Articles Tagged with California wage theft lawyer

The California Division of Labor Standards Enforcement is attempting to chip away at the state’s ongoing wage theftwage theft problem through a series of investigations throughout the state. Officials recently cited seven restaurants in the Bay Area for stolen wages totaling more than $10 million. Over $5 million of that total came from 133 workers at one restaurant, according to an article from SFGate. Additionally, six residential facilities in Los Angeles were issued citations totaling $7 million in recent months, and a Los Angeles restaurant was charged $500,000. In Chino, a fitness and weight loss chain was cited $8.3 million. Violations included counting tips toward minimum hourly wage, withholding overtime payments, and not paying split-shift premiums.

As our employment attorneys can explain, California minimum wage as of Jan. 1, 2018, is $11 per hour for places of employment with more than 25 employees, and $10.50 per hour for employers with 25 or fewer employees. The state is in the middle of a gradual increase process, with wages going up incrementally each year until they reach $15 per hour in 2023. In many states, restaurant workers have a different minimum hourly wage than other workers that is provided by their employer, so long as their tips bring them up to at least the standard hourly minimum wage. But in California, restaurant owners are not allowed to use tips as a credit toward their employees’ minimum wage. Servers must be compensated with full minimum wage, plus all the tips they earn. If a California employer holds back any tips or applies tips toward their hourly wage, it is considered wage theft. Continue Reading ›

A wage theft lawsuit filed by former employees of Wahlburgers, a restaurant chain opened by actor Mark Wahlberg and two of his brothers, alleges the chain illegally withheld wages and tips. restaurant1

The restaurant chain was founded by the actor and his brothers, Donnie and Paul, five years ago and is at the center of an A&E reality television series. Paul, who is a chef, oversees day-to-day operations at the restaurant.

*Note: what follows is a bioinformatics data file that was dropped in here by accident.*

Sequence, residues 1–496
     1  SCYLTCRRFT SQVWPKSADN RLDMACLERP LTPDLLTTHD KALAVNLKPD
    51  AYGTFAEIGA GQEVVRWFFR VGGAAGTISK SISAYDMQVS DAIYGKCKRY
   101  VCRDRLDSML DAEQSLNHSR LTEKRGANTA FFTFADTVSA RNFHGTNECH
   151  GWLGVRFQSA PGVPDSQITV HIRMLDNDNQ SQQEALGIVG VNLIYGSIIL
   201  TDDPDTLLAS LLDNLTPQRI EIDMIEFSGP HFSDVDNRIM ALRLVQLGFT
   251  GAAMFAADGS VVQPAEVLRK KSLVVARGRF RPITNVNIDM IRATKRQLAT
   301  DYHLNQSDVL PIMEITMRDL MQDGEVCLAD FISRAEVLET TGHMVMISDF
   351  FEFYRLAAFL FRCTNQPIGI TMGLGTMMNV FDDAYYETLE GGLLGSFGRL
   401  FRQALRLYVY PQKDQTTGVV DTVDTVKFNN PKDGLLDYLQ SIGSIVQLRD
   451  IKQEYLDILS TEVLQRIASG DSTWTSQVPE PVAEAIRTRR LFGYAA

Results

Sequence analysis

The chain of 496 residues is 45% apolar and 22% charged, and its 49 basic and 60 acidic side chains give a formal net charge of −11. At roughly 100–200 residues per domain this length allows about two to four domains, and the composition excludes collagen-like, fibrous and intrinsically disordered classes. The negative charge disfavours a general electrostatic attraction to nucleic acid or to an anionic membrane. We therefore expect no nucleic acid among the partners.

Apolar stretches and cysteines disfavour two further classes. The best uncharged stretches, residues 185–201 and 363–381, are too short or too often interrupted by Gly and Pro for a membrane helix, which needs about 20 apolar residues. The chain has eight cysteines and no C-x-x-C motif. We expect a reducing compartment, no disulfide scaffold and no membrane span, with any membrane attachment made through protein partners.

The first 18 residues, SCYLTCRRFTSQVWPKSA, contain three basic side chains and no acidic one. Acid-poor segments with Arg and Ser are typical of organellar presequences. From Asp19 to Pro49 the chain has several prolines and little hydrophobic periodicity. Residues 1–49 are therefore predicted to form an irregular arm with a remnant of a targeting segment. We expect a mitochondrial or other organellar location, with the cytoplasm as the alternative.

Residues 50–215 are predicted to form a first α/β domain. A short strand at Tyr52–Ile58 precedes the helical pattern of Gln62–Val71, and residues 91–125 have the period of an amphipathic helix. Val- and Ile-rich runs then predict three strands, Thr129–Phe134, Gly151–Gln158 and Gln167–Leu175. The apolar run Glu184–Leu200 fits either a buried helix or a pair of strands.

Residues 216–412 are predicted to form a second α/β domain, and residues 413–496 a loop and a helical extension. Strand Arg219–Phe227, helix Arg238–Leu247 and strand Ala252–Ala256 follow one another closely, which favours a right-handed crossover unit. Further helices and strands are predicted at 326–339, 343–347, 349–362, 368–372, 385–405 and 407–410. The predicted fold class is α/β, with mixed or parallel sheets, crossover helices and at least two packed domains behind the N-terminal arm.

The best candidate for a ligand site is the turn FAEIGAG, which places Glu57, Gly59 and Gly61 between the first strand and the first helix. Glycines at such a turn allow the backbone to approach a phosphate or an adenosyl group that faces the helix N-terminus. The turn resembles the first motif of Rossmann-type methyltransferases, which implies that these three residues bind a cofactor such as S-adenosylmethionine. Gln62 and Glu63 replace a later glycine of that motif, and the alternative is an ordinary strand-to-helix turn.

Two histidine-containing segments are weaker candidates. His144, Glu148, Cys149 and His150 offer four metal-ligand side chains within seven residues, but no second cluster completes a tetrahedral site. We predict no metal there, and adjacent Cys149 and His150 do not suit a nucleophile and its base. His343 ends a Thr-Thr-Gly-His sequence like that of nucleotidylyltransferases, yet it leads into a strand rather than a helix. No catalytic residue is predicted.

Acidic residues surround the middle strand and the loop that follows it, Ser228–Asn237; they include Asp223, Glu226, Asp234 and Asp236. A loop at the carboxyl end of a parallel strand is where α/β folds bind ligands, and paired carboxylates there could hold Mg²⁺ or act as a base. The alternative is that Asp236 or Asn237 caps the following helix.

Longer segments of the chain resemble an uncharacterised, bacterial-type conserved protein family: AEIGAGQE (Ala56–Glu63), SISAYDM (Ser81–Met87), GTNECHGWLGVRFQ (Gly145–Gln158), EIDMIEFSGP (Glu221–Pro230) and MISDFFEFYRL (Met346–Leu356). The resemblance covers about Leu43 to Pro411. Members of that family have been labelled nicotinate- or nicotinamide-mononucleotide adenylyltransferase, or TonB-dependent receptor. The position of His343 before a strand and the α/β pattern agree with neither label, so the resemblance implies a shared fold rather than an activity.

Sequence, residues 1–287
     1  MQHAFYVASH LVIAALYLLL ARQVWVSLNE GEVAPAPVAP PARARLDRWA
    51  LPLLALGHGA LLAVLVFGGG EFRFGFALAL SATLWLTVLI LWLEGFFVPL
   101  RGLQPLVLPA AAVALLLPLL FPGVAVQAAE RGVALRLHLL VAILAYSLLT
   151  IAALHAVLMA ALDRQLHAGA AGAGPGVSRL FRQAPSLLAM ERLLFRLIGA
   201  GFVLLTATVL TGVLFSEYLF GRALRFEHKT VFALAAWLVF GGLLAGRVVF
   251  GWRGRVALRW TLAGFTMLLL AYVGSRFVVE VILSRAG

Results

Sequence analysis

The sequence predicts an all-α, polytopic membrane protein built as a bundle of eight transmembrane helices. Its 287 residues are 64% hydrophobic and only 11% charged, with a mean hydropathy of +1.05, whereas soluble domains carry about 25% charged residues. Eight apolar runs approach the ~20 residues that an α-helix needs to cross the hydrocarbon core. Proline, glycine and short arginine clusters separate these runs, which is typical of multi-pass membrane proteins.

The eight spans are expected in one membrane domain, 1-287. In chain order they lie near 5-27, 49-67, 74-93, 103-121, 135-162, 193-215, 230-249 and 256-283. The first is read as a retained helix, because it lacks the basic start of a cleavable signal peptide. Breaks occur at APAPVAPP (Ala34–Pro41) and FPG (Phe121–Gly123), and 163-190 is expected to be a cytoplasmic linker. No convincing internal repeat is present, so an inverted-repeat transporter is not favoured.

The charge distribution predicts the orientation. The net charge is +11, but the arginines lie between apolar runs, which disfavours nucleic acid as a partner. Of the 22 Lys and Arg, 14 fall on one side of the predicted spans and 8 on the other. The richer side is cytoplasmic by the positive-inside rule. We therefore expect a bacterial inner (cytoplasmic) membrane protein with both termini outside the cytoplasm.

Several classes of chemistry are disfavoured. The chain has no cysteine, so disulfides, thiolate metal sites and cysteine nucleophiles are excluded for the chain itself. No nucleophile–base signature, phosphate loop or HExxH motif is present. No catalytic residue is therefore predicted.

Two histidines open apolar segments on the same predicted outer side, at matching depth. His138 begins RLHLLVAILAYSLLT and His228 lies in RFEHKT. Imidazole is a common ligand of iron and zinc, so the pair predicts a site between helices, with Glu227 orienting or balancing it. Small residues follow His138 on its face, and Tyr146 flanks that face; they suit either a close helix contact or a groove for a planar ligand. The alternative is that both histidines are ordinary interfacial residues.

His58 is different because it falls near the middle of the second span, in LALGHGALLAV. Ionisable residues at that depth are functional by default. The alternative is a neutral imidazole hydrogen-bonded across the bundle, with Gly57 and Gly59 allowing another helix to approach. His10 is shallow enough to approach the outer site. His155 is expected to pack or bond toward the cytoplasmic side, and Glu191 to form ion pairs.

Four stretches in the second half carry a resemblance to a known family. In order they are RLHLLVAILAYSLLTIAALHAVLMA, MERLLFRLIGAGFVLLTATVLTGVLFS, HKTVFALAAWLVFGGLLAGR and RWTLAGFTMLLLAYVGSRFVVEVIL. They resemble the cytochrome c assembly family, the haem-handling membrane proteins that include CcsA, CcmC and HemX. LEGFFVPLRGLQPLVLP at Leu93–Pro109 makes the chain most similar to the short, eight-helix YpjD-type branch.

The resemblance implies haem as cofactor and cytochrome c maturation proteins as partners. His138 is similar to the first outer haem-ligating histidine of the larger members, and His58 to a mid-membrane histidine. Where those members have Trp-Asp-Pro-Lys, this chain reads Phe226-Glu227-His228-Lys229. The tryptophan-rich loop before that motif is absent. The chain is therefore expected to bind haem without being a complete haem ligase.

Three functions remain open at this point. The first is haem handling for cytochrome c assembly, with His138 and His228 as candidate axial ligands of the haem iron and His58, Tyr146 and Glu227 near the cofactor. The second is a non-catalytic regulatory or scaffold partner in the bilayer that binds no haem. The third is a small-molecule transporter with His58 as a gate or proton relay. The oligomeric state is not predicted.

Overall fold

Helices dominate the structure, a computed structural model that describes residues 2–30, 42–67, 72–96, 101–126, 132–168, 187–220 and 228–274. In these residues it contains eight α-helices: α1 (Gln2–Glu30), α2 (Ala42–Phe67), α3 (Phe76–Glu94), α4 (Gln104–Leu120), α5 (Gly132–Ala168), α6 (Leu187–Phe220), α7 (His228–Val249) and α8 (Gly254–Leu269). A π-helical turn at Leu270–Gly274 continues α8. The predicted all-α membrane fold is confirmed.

A class action lawsuit asserts that management at the New York Coney Island branch, which opened its doors last fall, was the site of “rampant wage theft and violations of federal and state employment laws.” Specifically, it is alleged the restaurant paid workers for fewer hours than they worked. Also, when they worked overtime, they were not paid time-and-a-half, as required by federal law. Finally, the restaurant is accused of unlawfully forcing servers to pool their tips to share with non-tipped staffers in the kitchen. The “back of the house” staff were paid regular wages, while “front of the house” servers received the minimum wages allowable for tipped workers (considerably less), without meeting the strict criteria that would enable an employer to apply that tip credit. The workers also assert that following a private event held for the cast of Blue Bloods, starring Donnie Wahlberg, the restaurant wrongly withheld the $3,000 tip left by the cast.  Continue Reading ›

Anyone who has worked in the service industry for any amount of time knows that wage theft is rampant in the restaurant business. But allegedly, national pizza chain Domino’s baked a rigged system right into their payroll software. pizza

The New York Attorney General’s office has filed a lawsuit against Domino’s – both the parent company and the franchise, as joint employers – for systematically cheating workers out of money they were owed. The lawsuit follows a years-long investigation that produced a digital paper trail from each franchised pizza shop straight to the corporate headquarters.

The wage theft lawsuit, which names three franchises plus the corporate parent company, alleges workers were underpaid at least $565,000 at 10 stores throughout New York. This case marks the first time that the attorney general in New York has asserted a fast food corporation is liable as a joint employer for labor violations that occur at franchises. It’s a closely watched case because it could mean greater accountability throughout the industry if the attorney general prevails.  Continue Reading ›

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